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Test bank pharmaco.docx NURSING NGR 5035 Chapter 21-25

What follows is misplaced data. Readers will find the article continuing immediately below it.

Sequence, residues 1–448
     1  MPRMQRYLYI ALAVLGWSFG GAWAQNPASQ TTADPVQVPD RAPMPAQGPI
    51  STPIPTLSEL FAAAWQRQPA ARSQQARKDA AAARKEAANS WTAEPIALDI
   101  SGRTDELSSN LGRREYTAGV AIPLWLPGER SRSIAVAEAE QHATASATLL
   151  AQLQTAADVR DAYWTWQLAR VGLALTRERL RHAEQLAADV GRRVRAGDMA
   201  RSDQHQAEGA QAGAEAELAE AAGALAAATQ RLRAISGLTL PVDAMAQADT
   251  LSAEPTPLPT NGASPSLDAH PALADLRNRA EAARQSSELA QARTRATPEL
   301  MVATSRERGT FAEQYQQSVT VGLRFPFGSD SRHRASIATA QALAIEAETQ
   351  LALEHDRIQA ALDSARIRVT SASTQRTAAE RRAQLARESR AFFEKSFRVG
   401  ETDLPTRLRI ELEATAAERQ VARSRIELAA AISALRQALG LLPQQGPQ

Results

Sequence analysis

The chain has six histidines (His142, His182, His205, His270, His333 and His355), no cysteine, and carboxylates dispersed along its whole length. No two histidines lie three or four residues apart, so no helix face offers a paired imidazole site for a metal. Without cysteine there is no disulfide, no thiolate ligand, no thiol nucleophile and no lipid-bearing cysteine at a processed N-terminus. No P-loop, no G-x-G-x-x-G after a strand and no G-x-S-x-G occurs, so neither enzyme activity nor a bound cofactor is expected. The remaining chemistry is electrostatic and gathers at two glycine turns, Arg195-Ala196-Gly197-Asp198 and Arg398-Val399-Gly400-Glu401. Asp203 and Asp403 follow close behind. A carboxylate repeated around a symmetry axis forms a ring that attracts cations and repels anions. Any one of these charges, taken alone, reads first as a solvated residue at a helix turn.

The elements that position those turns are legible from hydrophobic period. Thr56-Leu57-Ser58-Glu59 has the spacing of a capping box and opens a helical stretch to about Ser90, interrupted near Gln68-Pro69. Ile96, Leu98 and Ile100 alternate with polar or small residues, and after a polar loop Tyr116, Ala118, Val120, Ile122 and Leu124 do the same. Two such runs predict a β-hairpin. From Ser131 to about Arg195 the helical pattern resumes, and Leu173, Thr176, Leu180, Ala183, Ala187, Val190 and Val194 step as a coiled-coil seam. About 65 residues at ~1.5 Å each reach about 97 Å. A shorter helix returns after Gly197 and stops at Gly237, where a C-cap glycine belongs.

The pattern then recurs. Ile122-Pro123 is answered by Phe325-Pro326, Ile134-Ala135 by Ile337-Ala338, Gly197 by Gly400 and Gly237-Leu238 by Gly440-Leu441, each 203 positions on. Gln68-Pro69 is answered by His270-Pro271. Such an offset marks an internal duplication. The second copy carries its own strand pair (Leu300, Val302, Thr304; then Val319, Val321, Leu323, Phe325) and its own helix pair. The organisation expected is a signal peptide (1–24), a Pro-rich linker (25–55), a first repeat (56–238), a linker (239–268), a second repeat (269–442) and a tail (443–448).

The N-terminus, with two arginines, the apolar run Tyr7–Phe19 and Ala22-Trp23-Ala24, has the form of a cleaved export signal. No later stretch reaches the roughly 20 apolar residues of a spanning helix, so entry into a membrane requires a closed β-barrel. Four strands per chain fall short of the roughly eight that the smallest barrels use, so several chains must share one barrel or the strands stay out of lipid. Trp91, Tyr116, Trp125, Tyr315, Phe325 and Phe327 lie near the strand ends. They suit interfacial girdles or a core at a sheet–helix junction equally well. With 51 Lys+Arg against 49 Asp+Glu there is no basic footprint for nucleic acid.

Test bank NURSING NGR 5035 Chapter 21-25 Chapter 21: Drugs Affecting the Endocrine System Multiple Choice Identify the choice that best completes the statement or answers the question. ____ 1. Both men and women experience bone loss with aging. The bones most likely to demonstrate significant loss are: A. Cortical bone B. Femoral neck C. Cervical vertebrae D. Pelvic bones ____ 2. Bisphosphonates treat or prevent osteoporosis by: A. Inhibiting osteoclastic activity B. Fostering bone resorption C. Enhancing calcium uptake in bone D. Strengthening the osteoclastic proton pump ____ 3. Prophylactic use of bisphosphonates is recommended for patients with early osteopenia related to long-term use of which of the following drugs? A. Selective estrogen receptor modulators B. Aspirin C. Glucocorticoids D. Calcium supplements ____ 4. Patients with cystic fibrosis are often prescribed enzyme replacement for pancreatic secretions. Each replacement drug has lipase, protease, and amylase components, but the drug is prescribed in units of: A. Lipase B. Protease C. Amylase D. Pancreatin ____ 5. Brands of pancreatic enzyme replacement drugs are: A. Bioequivalent B. About the same in cost per unit of lipase across brands C. Able to be interchanged between generic and brand-name products to reduce cost D. None of the above ____ 6. When given subcutaneously, NPH insulin begins to take effect (onset of action): A. 15 to 30 minutes after administration B. 60 to 90 minutes after administration C. 3 to 4 hours after administration D. 6 to 8 hours after administration ____ 7. Hypoglycemia can result from the action of either insulin or an oral hypoglycemic. Signs and symptoms of hypoglycemia include: A. “Fruity” breath odor and rapid respiration B. Diarrhea, abdominal pain, weight loss, and hypertension C. Dizziness, confusion, diaphoresis, and tachycardia D. Easy bruising, palpitations, cardiac dysrhythmias, and coma ____ 8. Nonselective beta blockers and alcohol create serious drug interactions with insulin because they: A. Increase blood glucose levels B. Produce unexplained diaphoresis C. Interfere with the ability of the body to metabolize glucose D. Mask the signs and symptoms of altered glucose levels ____ 9. Lipro is an insulin analogue produced by recombinant DNA technology. Which of the following statements about this form of insulin is NOT true? A. Optimal time of preprandial injection is 15 minutes. B. Duration of action is increased when the dose is increased. C. It is compatible with NPH insulin. D. It has no pronounced peak. ____ 10. The decision may be made to switch from BID NPH insulin to insulin glargine to improve glycemia control throughout the day. If this is done: A. The initial dose of glargine is reduced by 20% to avoid hypoglycemia B. The initial dose of glargine is 2 to 10 Units per day C. Patients who have been on high doses of NPH will need tests for insulin antibodies D. Obese patients may require more than 100 Units per day ____ 11. When blood glucose levels are difficult to control in Type 2 diabetes some form of insulin may be added to the treatment regimen to control blood glucose and limit complications risks. Which of the following statements are accurate based on research? A. Premixed insulin analogues are better at lowering HbA1C and have less risk for hypoglycemia. B. Premixed insulin analogues and the newer premixed insulins are associated with more weight gain than the oral antidiabetic agents. C. Newer premixed insulins are better at lowering HbA1C and post-prandial glucose levels than are long-acting insulins. D. Patients who are not controlled on oral agents and have post-prandial hyperglycemia can have NPH insulin added at bedtime. ____ 12. Metformin is a primary choice of drug to treat hyperglycemia in Type 2 diabetes because it: A. Substitutes for insulin usually secreted by the pancreas B. Decreases glycogenolysis by the liver C. Increases the release of insulin from beta cells D. Decreases peripheral glucose utilization ____ 13. Prior to prescribing metformin, the provider should: A. Draw a serum creatinine to assess renal function B. Try the patient on insulin C. Tell the patient to increase iodine intake D. Have the patient stop taking any sulfonylurea to avoid dangerous drug interactions ____ 14. The action of “gliptins” is different from other antidiabetic agents because they: A. Have a low risk for hypoglycemia B. Are not associated with weight gain C. Close ATP-dependent potassium channels in the beta cell D. Act on the incretin system to indirectly increase insulin production ____ 15. Sitagliptin has been approved for: A. Monotherapy in once daily doses B. Combination therapy with metformin C. Both A and B D. Neither A nor B ____ 16. GLP-1 agonists: A. Directly bind to a receptor in the pancreatic beta cell B. Have been approved for monotherapy C. Speed gastric emptying to decrease appetite D. Can be given orally once daily ____ 17. Avoid concurrent administration of exenatide with which of the following drugs? A. Digoxin B. Warfarin C. Lovastatin D. All of the above ____ 18. Administration of exenatide is by subcutaneous injection: A. 30 minutes prior to the morning meal B. 60 minutes prior to the morning and evening meal C. 15 minutes after the evening meal D. 60 minutes before each meal daily ____ 19. Potentially fatal granulocytopenia has been associated with treatment of hyperthyroidism with propylthiouracil. Patients should be taught to report: A. Tinnitus and decreased salivation B. Fever and sore throat C. Hypocalcemia and osteoporosis D. Laryngeal edema and difficulty swallowing ____ 20. Elderly patients who are started on levothyroxine for thyroid replacement should be monitored for: A. Excessive sedation B. Tachycardia and angina C. Weight gain D. Cold intolerance Chapter 22: Drugs Affecting the Reproductive System Multiple Choice Identify the choice that best completes the statement or answers the question. ____ 1. Men who use transdermal testosterone gel (AndroGel) should be advised to avoid: A. Washing their hands after applying the gel B. Wearing occlusive clothing while using the gel C. Exposure to estrogens while using the gel D. Skin-to-skin contact with pregnant women while using the gel ____ 2. Education when prescribing androgens to male patients includes: A. Short-term use places the patient at risk for hepatocellular carcinoma B. Cholestatic hepatitis and jaundice may occur with low doses of androgens C. Gynecomastia is a rare occurrence with the use of androgens D. Low sperm levels only occur with long-term use of androgens ____ 3. Patients who are prescribed exogenous androgens need to be warned that decreased libido: A. Is an unusual side effect of androgens and should be reported to the provider B. Is treated with increased doses of androgens, so the patient should let the provider know if he is having problems C. May be a sign of early prostate cancer and he should make an appointment for a prostate screening exam D. May occur with androgen therapy ____ 4. The U.S. Food and Drug Administration (FDA) warns that androgens may cause: A. Peliosis hepatis B. Orthostatic hypotension C. Menstrual irregularities D. Acne ____ 5. Monitoring for a patient who is using androgens includes: A. Complete blood count and C-reactive protein level B. Lipid levels and liver function tests C. Serum potassium and magnesium levels D. Urine protein and potassium levels ____ 6. Male patients require ____ before and during androgen therapy. A. A digital prostate exam B. A Doppler exam of testicular blood flow C. Urine analysis for proteinuria D. Serial orthostatic blood pressures ____ 7. Absolute contraindications to estrogen therapy include: A. History of any type of cancer B. Clotting disorders C. History of tension headache D. Orthostatic hypotension ____ 8. Women with an intact uterus should not be prescribed: A. Estrogen/progesterone combination B. IM medroxyprogesterone (Depo Provera) C. Estrogen alone D. Androgens ____ 9. Women who have migraine with aura should not be prescribed estrogen due to: A. The interaction between triptans and estrogen, limiting migraine therapy choices B. An increased incidence of migraines with the use of estrogen C. An increased risk of stroke occurring with estrogen use D. Patients with migraines may be prescribed estrogen without any concerns ____ 10. A 22-year-old women receives a prescription for oral contraceptives. Education for this patient includes: A. Counseling regarding decreasing or not smoking while taking oral contraceptives B. Advising a monthly pregnancy test for the first 3 months she is taking the contraceptive C. She may miss two pills in a row and not be concerned about pregnancy D. Her next follow-up visit is in 1 year for a refill and “annual exam” ____ 11. A 19-year-old female is a nasal Staph aureus carrier and is placed on 5 days of rifampin for treatment. Her only other medication is combined oral contraceptives. What education should she receive regarding her medications? A. Separate the oral ingestion of the rifampin and oral contraceptive by at least an hour. B. Both medications are best tolerated if taken on an empty stomach. C. She should use a back-up method of birth control such as condoms for the rest of the current pill pack. D. If she gets nauseated with the medications she should call the office for an antiemetic prescription. ____ 12. A 56-year-old women is complaining of vaginal dryness and dyspareunia. To treat her symptoms with the lowest adverse effects she should be prescribed: A. Low-dose oral estrogen B. Low-dose estrogen/progesterone combination C. Vaginal estradiol ring D. Vaginal progesterone cream ____ 13. Shana is receiving her first medroxyprogesterone (Depo Provera) injection. Shana will need to be monitored for: A. Depression B. Hypertension C. Weight loss D. Cataracts ____ 14. When prescribing medroxyprogesterone (Depo Provera) injections, essential education would include the adverse drug effects of: A. Hypertension and dysuria B. Depression and weight gain C. Abdominal pain and constipation D. Orthostatic hypotension and dermatitis ____ 15. Medroxyprogesterone (Depo Provera) injection has an FDA Black Box warning due to: A. Development of significant hypertension B. Increased risk of strokes when on Depo C. Decreased bone density while on Depo D. Risk of life-threatening rash such as Stevens-Johnson ____ 16. Shana received her first medroxyprogesterone (Depo Provera) injection 6 weeks ago and calls the clinic with a concern that she has been having a light “period” off and on since receiving her Depo shot. What would be the management of Shana? A. Reassurance that some spotting is normal the first few months of Depo and it should improve. B. Schedule an appointment for an exam as this is not normal. C. Prescribe 4 weeks of estrogen to treat the abnormal vaginal bleeding. D. Order a pregnancy test and suggest she use a back-up method of contraception until she has her next shot. ____ 17. William is a 62-year-old male who is requesting a prescription for sildenafil (Viagra). He should be screened for ____ before prescribing sildenafil. A. Renal dysfunction B. Unstable coronary artery disease C. Benign prostatic hypertrophy D. History of priapism ____ 18. Men who are prescribed sildenafil (Viagra) need ongoing monitoring for: A. Development of chest pain or dizziness B. Weight gain C. Priapism D. Renal function ____ 19. Men who are prescribed an erectile dysfunction drug such as sildenafil (Viagra) should be warned about the risk for: A. Impotence when combined with antihypertensives B. Fatal hypotension if combined with nitrates C. Weight gain if combined with antidepressants D. All of the above Chapter 23: Drugs Affecting the Integumentary System Multiple Choice Identify the choice that best completes the statement or answers the question. ____ 1. Erik presents with one golden-crusted lesion at the site of an insect bite consistent with impetigo. His parents have limited finances and request the least expensive treatment. Which medication would be the best choice for treatment? A. Mupirocin (Bactroban) B. Bacitracin and polymixin B (generic double antibiotic ointment) C. Retapamulin (Altabax) D. Oral cephalexin (Keflex) ____ 2. Juakeem is a nasal MRSA carrier. Treatment to eradicate nasal MRSA is mupirocin. Patient education regarding treating nasal MRSA includes: A. Take the oral medication exactly as prescribed B. Insert one-half of the dose in each nostril twice a day C. Alternate treating one nare in the morning and the other in the evening D. Nasal MRSA eradication requires at least 4 weeks of therapy, with up to 8 weeks needed in some patients ____ 3. Instructions for applying a topical antibiotic or antiviral ointment include: A. Apply thickly to the infected area, spreading the medication well past the borders of the infection B. If the rash worsens, apply a thicker layer of medication to settle down the infection C. Wash hands before and after application of topical antimicrobials D. None of the above ____ 4. When Sam used clotrimazole (Lotrimin AF) for athlete’s foot he developed a red, itchy rash consistent with a hypersensitivity reaction. He now has athlete’s foot again. What would be a good choice of antifungal for Sam? A. Miconazole (Micatin) powder B. Ketoconazole (Nizoral) cream C. Terbinafine (Lamisil) cream D. Griseofulvin (Grifulvin V) suspension ____ 5. When prescribing griseofulvin (Grifulvin V) to treat tinea capitis it is critical to instruct the patient or parent to: A. Mix the griseofulvin with ice cream before administering B. Take the griseofulvin until the tinea clears, in approximately 4 to 5 weeks C. Shampoo with baby shampoo daily while taking the griseofulvin D. Griseofulvin is best absorbed if ingested with a high-fat food ____ 6. First-line therapy for treating topical fungal infections such as tinea corporis (ringworm) or tinea pedis (athlete’s foot) would be: A. OTC topical azole (clotrimazole, miconazole) B. Oral terbinafine C. Oral griseofulvin microsize D. Nystatin cream or ointment ____ 7. When prescribing topical penciclovir (Denavir) for the treatment of herpes labialis (cold sores) patient education would include: A. Spread penciclovir liberally all over lips and area surrounding lips B. Penciclovir therapy is started at the first sign of cold sore outbreak C. Skin irritation is normal with penciclovir and it should resolve D. The penciclovir should be used a minimum of 2 weeks to prevent recurrence ____ 8. Erika has been prescribed isotretinoin (Accutane) by her dermatologist and is presenting to her primary care provider with symptoms of sadness and depression. A Beck’s Depression Scale indicates she has mild to moderate depression. What would be the best care for her at this point? A. Prescribe an SSRI antidepressant B. Refer her to a mental health therapist C. Contact her dermatologist about discontinuing the isotretinoin D. Reassure her that mood swings are normal and schedule follow up in a week ____ 9. Drew is a 17-year-old competitive runner who presents with complaint of pain in his hip that occurred after he fell while running. His only medical problem is severe acne for which he takes isotretinoin (Accutane). With this history what would you be concerned for? A. He may have pulled a muscle and needs to rest to recover. B. He is at risk for bony injuries and needs to be evaluated for fracture. C. Isotretinoin interacts with ibuprofen which is the pain medication of choice. D. Teen athletes are at risk for repetitive stress injuries. ____ 10. Catherine calls the clinic with concerns that her acne is worse 1 week after starting topical tretinoin. What would be the appropriate care for her? A. Change her to a different topical acne medication as she is having an adverse reaction to the tretinoin. B. Switch her to an oral antibiotic to treat her acne. C. Advise her to apply an oil-based lotion to her face to soothe the redness. D. Reassure her that the worsening of acne is normal and it should improve with continued use. ____ 11. Li is a 6 month old with severe eczema. She would benefit from topical corticosteroid therapy. Instructions for using topical corticosteroids in children include: A. Apply liberally to all areas with eczema B. Double the frequency of application when the eczema is severe C. Apply sparingly to eczema areas D. Cover the eczema area with an occlusive dressing after applying corticosteroid ____ 12. Jose has had eczema for many years and reports he thinks his corticosteroid cream is not working as well as previously. He may be experiencing tolerance to the corticosteroid. Treatment options include: A. Increase the potency of the corticosteroid cream B. Recommend an interrupted or cyclic schedule of application C. Increase the frequency of dosing of the corticosteroid D. Discontinue the corticosteroid since it isn’t working any longer ____ 13. When prescribing tacrolimus (Protopic) to treat atopic dermatitis patients should be informed that: A. Tacrolimus is the most effective if it is used continuously for 4 to 6 months B. Tacrolimus should be spread generously over the affected area C. The FDA has issued a Black Box warning about the use of tacrolimus and the development of cancer in animals and humans D. The FDA recommends patients be screened for cancer before prescribing tacrolimus ____ 14. Patients who are treated with greater than 100 grams per week of topical calcipotriene for psoriasis need to be monitored for: A. High vitamin D levels B. Hyperkalemia C. Hypercalcemia D. Hyperuricemia ____ 15. Jesse is prescribed tazarotene for his psoriasis. Patient education regarding topical tazarotene includes: A. Tazarotene is applied in a thin film to the psoriasis plaque lesions B. Apply liberally to all psoriatic lesions C. Apply tazarotene to non-affected areas to prevent breakout D. Tazarotene may cause hypercalcemia if overused ____ 16. Instructions for the use of selenium sulfide shampoo (Selsun) to treat scalp seborrhea includes: A. Shampoo daily and rinse well B. Worsening of seborrhea for the first week is normal C. Seborrhea usually clears up after a few weeks of treatment D. Shampoo twice a week for 2 weeks then weekly ____ 17. Topical diphenhydramine (Benadryl) is available OTC to treat itching. Patients or parents should be instructed regarding the use of topical diphenhydramine that: A. For maximum effectiveness in treating itching, combine topical with oral diphenhydramine B. Topical diphenhydramine is the treatment of choice in treating poison ivy or poison oak C. Topical diphenhydramine should not be used in children younger than age 2 years D. When applying topical diphenhydramine, apply the cream liberally to all areas that itch ____ 18. A patient has been prescribed silver sulfadiazine (Silvadene) cream to treat burns on his leg. Normal adverse effects of silver sulfadiazine cream include: A. Transient leukopenia on days 2 to 4 that should resolve B. Worsening of burn symptoms briefly before resolution C. A red, scaly rash that will resolve with continued use D. Hypercalcemia ____ 19. Instructions for the use of malathion (Ovide) for head lice include: A. Use a blow dryer to dry the hair after applying B. Malathion (Ovide) is used daily for a week until all lice are dead C. Rinse the malathion (Ovide) off and shampoo hair after 8 to 12 hours D. Use gloves to apply the malathion (Ovide) ____ 20. When writing a prescription of permethrin 5% cream (Elimite) for scabies, patient education would include: A. All members of the household and personal contacts should also be treated B. Infants should have permethrin applied from the neck down C. The permethrin is washed off after 10 to 20 minutes D. Permethrin is flammable and to avoid open flame while the medication is applied Chapter 24: Drugs Used in Treating Infectious Diseases Multiple Choice Identify the choice that best completes the statement or answers the question. ____ 1. Factors that place a patient at risk of developing an antimicrobial resistant organism include: A. Age over 50 years B. School attendance C. Travel within the United States D. Inappropriate use of antimicrobials ____ 2. Infants and young children are at higher risk of developing antibiotic-resistant infections due to: A. Developmental differences in pharmacokinetics of the antibiotics in children B. Children this age are more likely to be in daycare and exposed to pathogens from other children C. Parents of young children insist on preventive antibiotics so they don’t miss work when their child is sick D. Immunosuppression from the multiple vaccines they receive in the first 2 years of life ____ 3. Providers should use an antibiogram when prescribing. An antibiogram is: A. The other name for the Centers for Disease Control guidelines for prescribing antibiotics B. An algorithm used for prescribing antibiotics for certain infections C. The reference also known as the Pink Book, published by the Centers for Disease Control D. A chart of the local resistance patterns to antibiotics developed by laboratories ____ 4. There is often cross-sensitivity and cross-resistance between penicillins and cephalosporins due to: A. Similar renal excretion of both classes of drugs B. When these drug classes are metabolized in the liver they both produce resistant enzymes C. Both drug classes contain a beta-lactam ring that is vulnerable to beta-lactamase producing organisms D. There is not an issue with cross-resistance between the penicillins and cephalosporins ____ 5. Jonathan has been diagnosed with strep throat and needs a prescription for an antibiotic. He says the last time he had penicillin he developed a red, blotchy rash. The appropriate antibiotic to prescribe would be: A. Penicillin VK, since his rash does not sound like a serious rash B. Amoxicillin C. Cefadroxil (Duricef) D. Erythromycin ____ 6. Sarah is a 25-year-old female who is 8 weeks pregnant and has a urinary tract infection. What would be the appropriate antibiotic to prescribe for her? A. Ciprofloxacin (Cipro) B. Amoxicillin (Trimox) C. Doxycycline D. Trimethoprim-sulfamethoxazole (Septra) ____ 7. Pong-tai is a 12 month old who is being treated with amoxicillin for acute otitis media. His parents call the clinic and say he has developed diarrhea. The appropriate action would be to: A. Advise the parents that some diarrhea is normal with amoxicillin and try feeding him yogurt daily B. Change the antibiotic to one that is less of a gastrointestinal irritant C. Order stool cultures for suspected viral pathogens not treated by the amoxicillin D. Recommend increased fluids and fiber in his diet ____ 8. Lauren is a 13 year old who comes to clinic with a 4-day history of cough, low grade fever, and rhinorrhea. When she blows her nose or coughs the mucous is greenish-yellow. The appropriate antibiotic to prescribe would be: A. Amoxicillin B. Amoxicillin/clavulanate C. TMP/SMZ (Septra) D. None ____ 9. Joanna had a small ventricle septal defect (VSD) repaired when she was 3 years old and has no residual cardiac problems. She is now 28 and is requesting prophylactic antibiotics for an upcoming dental visit. The appropriate antibiotic to prescribe according to current American College of Cardiology and the American Heart Association guidelines is: A. No antibiotic required for dental procedures B. Amoxicillin 2 grams 1 hour before the procedure C. Ampicillin 2 grams IM or IV 30 minutes before the procedure D. Azithromycin 1 gram 1 hour before the procedure ____ 10. To prevent further development of antibacterial resistance it is recommended fluoroquinolones be reserved for treatment of: A. Urinary tract infections in young women B. Upper respiratory infections in adults C. Skin and soft tissue infections in adults D. Community-acquired pneumonia in patients with comorbidities ____ 11. Fluoroquinolones have a Black Box warning regarding ____ even months after treatment. A. Renal dysfunction B. Hepatic toxicity C. Tendon rupture D. Development of glaucoma ____ 12. Janet was recently treated with clindamycin for an infection. She calls the advice nurse because she is having frequent diarrhea that she thinks may have blood in it. What would be the appropriate care for her? A. Encourage increased fluids and fiber B. Assess for pseudomembranous colitis C. Advise her to eat yogurt daily to help restore her gut bacteria D. Start her on an antidiarrheal medication ____ 13. Keng has chronic hepatitis that has led to mildly impaired liver function. He has an infection that would be best treated by a macrolide. Which would be the best choice for a patient with liver dysfunction? A. Azithromycin (Zithromax) B. Clarithromycin (Biaxin) C. Erythromycin (E-mycin) D. None of the above ____ 14. Jamie has glucose-6-phosphate dehydrogenase deficiency (G6PD) and requires an antibiotic. Which class of antibiotics should be avoided in this patient? A. Penicillins B. Macrolides C. Cephalosporins D. Sulfonamides ____ 15. If a patient is allergic to sulfonamide antibiotics, he or she will most likely have cross-sensitivity to: A. Loop diuretics B. Sulfonylureas C. Thiazide diuretics D. All of the above ____ 16. Tetracyclines such as minocycline are safe to use in: A. Pregnant women B. Adolescents C. Patients with renal dysfunction D. Patients with hepatic dysfunction ____ 17. Tetracyclines should not be prescribed to children younger than 8 years due to: A. Risk of developing cartilage problems B. Development of significant diarrhea C. Risk of kernicterus D. Adverse effects on bone growth ____ 18. Nicole is a 16 year old who is taking minocycline for acne. She comes to the clinic complaining of a headache. What would be the plan of care? A. Advise acetaminophen or ibuprofen as needed for headaches B. Prescribe sumatriptan (Imitrex) to be taken at the onset of the headache C. Evaluate for pseudotremor cerebri D. Assess her caffeine intake and sleep patterns ____ 19. Patricia has been prescribed doxycycline for a Chlamydia infection. She is healthy and her only medication is an oral combined contraceptive. Patricia’s education would include: A. Use a back-up method of birth control (condom) until her next menses B. Doxycycline may cause tendonitis and she should report any joint pain C. Her partner will need treatment if her infection doesn’t clear with the doxycycline D. Doxycycline is used for one dose treatment of STIs; take the whole prescription at once ____ 20. To prevent the development of peripheral neuropathy in patients taking isoniazid for tuberculosis the patient is also prescribed: A. Niacin (Vitamin B3) B. Pyridoxine (Vitamin B6) C. Riboflavin (Vitamin B2) D. Thiamine (Vitamin B1) ____ 21. Sadie is an 82-year-old patient who has herpes zoster (shingles) and would benefit from an antiviral such as valacyclovir. Prior to prescribing valacyclovir she will need assessment of: A. Complete blood count to rule out anemia B. Liver function C. Renal function D. Immunocompetence ____ 22. When prescribing acyclovir, patients should be educated regarding: A. High risk of developing diarrhea B. Need to drink lots of fluids during treatment C. Risk for life-threatening rash such as Stevens-Johnson D. Eccentric dosing schedule ____ 23. Nicholas has been diagnosed with Type A influenza. Appropriate prescribing of oseltamivir (Tamiflu) would include: A. Starting oseltamivir within the first 48 hours of influenza symptoms B. Advising the patient he can stop the oseltamivir when his symptoms resolve C. Educating the patient that oseltamivir will cure influenza D. Prophylactic treatment of all family members ____ 24. Monitoring for patients who are on long-term antifungal therapy with ketoconazole includes: A. Platelet count B. BUN and creatinine C. White blood cell count D. AST, ALT, alkaline phosphatase, and bilirubin ____ 25. When prescribing metronidazole (Flagyl) to treat bacterial vaginosis, patient education would include: A. Metronidazole is safe in the first trimester of pregnancy B. Consuming alcohol in any form may cause a severe reaction C. Sexual partners need concurrent therapy D. Headaches are a sign of a serious adverse reaction and need immediate evaluation True/False Indicate whether the statement is true or false. ____ 1. As of 2011 every antibiotic drug class has resistant organisms which influence prescribing decisions. . ANS: T PTS: 1 Chapter 25: Drugs Used in Treating Inflammatory Processes Multiple Choice Identify the choice that best completes the statement or answers the question. ____ 1. Henry presents to clinic with a significantly swollen painful great toe and is diagnosed with gout. Of the following, which would be the best treatment for Henry? A. High-dose colchicine B. Low-dose colchicine C. High-dose aspirin D. Acetaminophen with codeine ____ 2. Patient education when prescribing colchicine includes: A. Colchicine may be constipating B. Colchicine always causes some degree of diarrhea C. Mild muscle weakness is normal D. Moderate amounts of alcohol are safe with colchicine ____ 3. Larry is taking allopurinol to prevent gout. Monitoring of a patient who is taking allopurinol includes: A. Complete blood count B. Blood glucose C. C-reactive protein D. BUN, creatinine, and creatinine clearance ____ 4. Phil is starting treatment with febuxostat (Uloric). Education of patients starting febuxostat includes: A. Gout may worsen with therapy B. Febuxostat may cause severe diarrhea C. He should consume a high-calcium diet D. He will need frequent CBC monitoring ____ 5. Sallie has been taking 10 mg per day of prednisone for the past 6 months. She should be assessed for: A. Gout B. Iron deficiency anemia C. Osteoporosis D. Renal dysfunction ____ 6. Patients whose total dose of prednisone will exceed 1 gram will most likely need a second prescription for: A. Metformin, a biguanide to prevent diabetes B. Omeprazole, a proton pump inhibitor to prevent peptic ulcer disease C. Naproxen, an NSAID to treat joint pain D. Furosemide, a diuretic to treat fluid retention ____ 7. Daniel has been on 60 mg of prednisone for 10 days to treat a severe asthma exacerbation. It is time to discontinue the prednisone. How is prednisone discontinued? A. Patients with asthma are transitioned directly off the prednisone onto inhaled corticosteroids B. Prednisone can be abruptly discontinued with no adverse effects C. Develop a tapering schedule to slowly wean Daniel off the prednisone D. Substitute the prednisone with another anti-inflammatory such as ibuprofen ____ 8. Patients with rheumatoid arthritis who are on chronic low-dose prednisone will need co-treatment with which medications to prevent further adverse effects? A. A bisphosphonate B. Calcium supplementation C. Vitamin D D. All of the above ____ 9. Patients who are on or who will be starting chronic corticosteroid therapy need monitoring of: A. Serum glucose B. Stool culture C. Folate levels D. Vitamin B12 ____ 10. Patients who are on chronic long-term corticosteroid therapy need education regarding: A. Receiving all vaccinations, especially the live flu vaccine B. Reporting black tarry stools or abdominal pain C. Eating a high carbohydrate diet with plenty of fluids D. Small amounts of alcohol are generally tolerated ____ 11. All nonsteroidal anti-inflammatory drugs (NSAIDS) have an FDA Black Box warning regarding: A. Potential for causing life-threatening GI bleeds B. Increased risk of developing systemic arthritis with prolonged use C. Risk of life-threatening rashes, including Stevens-Johnson D. Potential for transient changes in serum glucose ____ 12. Jamie has fractured his ankle and has received a prescription for acetaminophen and hydrocodone (Vicodin). Education when prescribing Vicodin includes: A. It is OK to double the dose of Vicodin if the pain is severe B. Vicodin is not habit forming C. He should not take any other acetaminophen-containing medications D. Vicodin may cause diarrhea; increase his fluid intake ____ 13. When prescribing NSAIDS, a complete drug history should be conducted as NSAIDs interact with these drugs: A. Omeprazole, a proton pump inhibitor B. Combined oral contraceptive C. Diphenhydramine, an antihistamine D. Warfarin, an anticoagulant ____ 14. Josefina is a 2 year old with acute otitis media and upper respiratory infection. Along with an antibiotic she receives a recommendation to treat the ear pain with ibuprofen. What education would her parent need regarding ibuprofen? A. They can cut an adult ibuprofen tablet in half to give Josefina B. Ibuprofen dose can be doubled for severe pain C. Josefina needs to be well hydrated while taking ibuprofen D. Ibuprofen is completely safe in children with no known adverse effects ____ 15. Henry is 82 years old and takes two aspirin every morning to treat the arthritis pain in his back. He states the aspirin helps him to “get going” each day. Lately he has had some heartburn from the aspirin. After ruling out an acute GI bleed, what would be an appropriate course of treatment for Henry? A. Add an H2 blocker such as ranitidine to his therapy B. Discontinue the aspirin and switch him to Vicodin for the pain C. Decrease the aspirin dose to one tablet daily D. Have Henry take an antacid 15 minutes before taking the aspirin each day ____ 16. The trial period to determine effective anti-inflammatory activity when starting a patient on aspirin for rheumatoid arthritis is: A. 48 hours B. 4 to 6 days C. 4 weeks D. 2 months ____ 17. Patients prescribed aspirin therapy require education regarding the signs of aspirin toxicity. An early sign of aspirin toxicity is: A. Black tarry stools B. Vomiting C. Tremors D. Tinnitus ____ 18. Monitoring a patient on a high dose aspirin level includes: A. Salicylate level B. Complete blood count C. Urine pH D. All of the above ____ 19. Patients who are on long-term aspirin therapy should have ____ annually. A. Complete blood count B. Salicylate level C. Amylase D. Urine analysis